Chapter News

From one auctioneer to another

McGrath Estate Agents Auctioneer and REINSW Auctioneer Committee Chair James Pratt recently interviewed Jesse Davidson from auctionWORKS to ask his perspective on the marketplace and how auctions fit into the Western Suburbs selling market.

James Pratt (JP): Tell us a bit about the areas you have been auctioning in this year?

Jesse Davidson (JD): The Western Suburbs is where majority of my work is done, however I do work in some parts of the Eastern Suburbs, a little bit of the Lower North Shore and sections of the Inner West.

JP: Can you give us a rundown of these areas?

JD: It was around June last year that I started to notice a change. As of June, interest rates were low and people started to get a heads up that the property market was starting to move, especially considering the year we had previously. As that period went past, the last couple of months of the year were incredible.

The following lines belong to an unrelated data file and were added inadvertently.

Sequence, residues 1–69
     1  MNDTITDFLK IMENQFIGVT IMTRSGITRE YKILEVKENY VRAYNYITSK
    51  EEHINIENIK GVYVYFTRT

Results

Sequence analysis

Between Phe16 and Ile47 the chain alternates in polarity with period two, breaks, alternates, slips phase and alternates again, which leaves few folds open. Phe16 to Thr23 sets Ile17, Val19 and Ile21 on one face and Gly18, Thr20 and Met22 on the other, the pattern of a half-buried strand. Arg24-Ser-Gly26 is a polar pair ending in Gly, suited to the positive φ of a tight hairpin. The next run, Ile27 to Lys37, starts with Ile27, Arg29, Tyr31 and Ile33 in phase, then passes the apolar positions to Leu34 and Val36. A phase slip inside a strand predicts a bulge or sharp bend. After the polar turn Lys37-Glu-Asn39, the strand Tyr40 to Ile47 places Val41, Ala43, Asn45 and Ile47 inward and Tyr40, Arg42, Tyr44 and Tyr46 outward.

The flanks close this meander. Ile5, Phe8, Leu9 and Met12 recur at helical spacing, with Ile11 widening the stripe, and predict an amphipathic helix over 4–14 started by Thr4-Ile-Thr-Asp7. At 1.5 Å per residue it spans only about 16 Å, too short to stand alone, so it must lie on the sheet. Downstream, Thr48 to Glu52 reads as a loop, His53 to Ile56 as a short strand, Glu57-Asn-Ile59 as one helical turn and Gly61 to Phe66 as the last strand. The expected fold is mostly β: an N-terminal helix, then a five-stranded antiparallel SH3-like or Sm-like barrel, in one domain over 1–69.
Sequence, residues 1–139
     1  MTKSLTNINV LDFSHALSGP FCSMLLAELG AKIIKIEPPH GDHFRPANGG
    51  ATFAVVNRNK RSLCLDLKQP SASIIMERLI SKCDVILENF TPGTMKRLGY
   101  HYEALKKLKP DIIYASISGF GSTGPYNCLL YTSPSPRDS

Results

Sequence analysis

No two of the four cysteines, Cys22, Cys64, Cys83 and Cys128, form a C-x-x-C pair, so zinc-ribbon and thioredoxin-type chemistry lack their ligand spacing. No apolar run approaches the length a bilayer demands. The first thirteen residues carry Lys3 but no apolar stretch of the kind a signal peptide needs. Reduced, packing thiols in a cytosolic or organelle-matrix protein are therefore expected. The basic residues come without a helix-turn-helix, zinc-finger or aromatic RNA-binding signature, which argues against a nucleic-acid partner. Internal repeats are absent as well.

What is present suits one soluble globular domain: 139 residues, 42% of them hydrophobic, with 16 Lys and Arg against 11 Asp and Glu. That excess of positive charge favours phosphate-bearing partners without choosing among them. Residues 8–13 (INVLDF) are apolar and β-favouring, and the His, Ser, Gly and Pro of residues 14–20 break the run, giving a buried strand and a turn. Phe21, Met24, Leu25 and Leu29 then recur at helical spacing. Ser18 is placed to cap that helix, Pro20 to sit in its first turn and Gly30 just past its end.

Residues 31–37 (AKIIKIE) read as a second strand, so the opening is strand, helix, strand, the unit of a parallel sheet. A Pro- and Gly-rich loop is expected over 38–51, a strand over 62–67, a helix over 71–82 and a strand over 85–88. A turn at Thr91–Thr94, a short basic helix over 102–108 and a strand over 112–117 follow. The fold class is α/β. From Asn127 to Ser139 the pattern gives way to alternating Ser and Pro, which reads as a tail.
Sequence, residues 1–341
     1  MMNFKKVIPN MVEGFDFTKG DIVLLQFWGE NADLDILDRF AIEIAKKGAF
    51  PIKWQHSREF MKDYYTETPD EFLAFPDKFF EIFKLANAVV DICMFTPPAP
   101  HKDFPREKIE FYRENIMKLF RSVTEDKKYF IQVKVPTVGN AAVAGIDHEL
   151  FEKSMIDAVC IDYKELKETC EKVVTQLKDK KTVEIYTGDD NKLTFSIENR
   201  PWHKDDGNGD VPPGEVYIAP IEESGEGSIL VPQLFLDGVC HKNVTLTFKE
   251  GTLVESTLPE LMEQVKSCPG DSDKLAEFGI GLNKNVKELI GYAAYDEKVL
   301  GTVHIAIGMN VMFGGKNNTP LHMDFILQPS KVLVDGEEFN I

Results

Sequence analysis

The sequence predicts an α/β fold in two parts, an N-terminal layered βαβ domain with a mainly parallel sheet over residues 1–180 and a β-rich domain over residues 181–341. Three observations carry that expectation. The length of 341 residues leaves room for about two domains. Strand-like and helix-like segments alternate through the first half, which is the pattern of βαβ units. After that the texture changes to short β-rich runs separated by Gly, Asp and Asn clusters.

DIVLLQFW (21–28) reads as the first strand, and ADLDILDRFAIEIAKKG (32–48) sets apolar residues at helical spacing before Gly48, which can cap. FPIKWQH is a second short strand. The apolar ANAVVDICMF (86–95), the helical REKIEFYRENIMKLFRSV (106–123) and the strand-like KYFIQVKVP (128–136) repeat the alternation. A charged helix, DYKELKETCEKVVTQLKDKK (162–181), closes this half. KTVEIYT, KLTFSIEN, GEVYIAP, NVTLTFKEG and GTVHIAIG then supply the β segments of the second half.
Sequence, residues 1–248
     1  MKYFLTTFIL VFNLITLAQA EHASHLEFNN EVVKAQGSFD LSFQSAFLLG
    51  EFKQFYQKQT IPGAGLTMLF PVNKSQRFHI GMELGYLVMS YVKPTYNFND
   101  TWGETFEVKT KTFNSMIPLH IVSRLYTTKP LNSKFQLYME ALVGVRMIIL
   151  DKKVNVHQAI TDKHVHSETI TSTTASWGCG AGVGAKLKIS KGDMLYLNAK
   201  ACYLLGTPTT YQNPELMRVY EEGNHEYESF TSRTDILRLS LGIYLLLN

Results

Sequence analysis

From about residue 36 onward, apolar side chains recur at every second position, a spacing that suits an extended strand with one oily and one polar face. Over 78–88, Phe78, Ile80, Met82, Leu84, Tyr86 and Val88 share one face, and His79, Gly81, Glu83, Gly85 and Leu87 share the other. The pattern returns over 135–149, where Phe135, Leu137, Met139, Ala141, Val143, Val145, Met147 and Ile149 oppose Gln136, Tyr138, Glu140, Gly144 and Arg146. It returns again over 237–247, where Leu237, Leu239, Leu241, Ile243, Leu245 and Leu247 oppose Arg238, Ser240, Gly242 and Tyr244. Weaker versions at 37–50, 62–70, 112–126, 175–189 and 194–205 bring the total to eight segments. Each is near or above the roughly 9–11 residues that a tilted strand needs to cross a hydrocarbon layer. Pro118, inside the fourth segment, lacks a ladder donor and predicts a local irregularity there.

Moving into the start of 2014, I didn’t think we were going to continue at the same pace, however early February proved me completely wrong. Our auction results were the best they have ever been. March right through to April and May were great months.

Our auctions results are definitely picking up, but I think the most important thing to mention is the increase in prices. Guildford has seen a fair bit of movement, Parramatta is still very strong, and the Inner West has been consistently strong in the last two years - probably the highest performing market in Sydney. I have seen some substantial movement in these areas.

JP: I’m interested to hear how you have changed your auctioneering techniques and style to keep up with the market?

JD: When I started auctioning, I trained with David Scholes on how to deal with one-bidder auctions, because five-years ago the market was significantly tougher than it was now.

How have I adapted that style overall now? I have definitely noticed in the past 24 months that I’ve had to adapt to a significant amount of foreign buyers, so while still continuing to create the urgency that is required at an auction, you also need to have the ability to stop and give people enough time to make their decision. Acquiring that patience and understanding could give you another $2,000-$5,000 for the seller.

JP: And finally, what makes a good auctioneer?

JD: I think the most important thing is being able to build an immediate rapport with both the vendor and purchasers. You spend such a short amount of time with both parties; therefore the ability to build a relationship quickly is essential.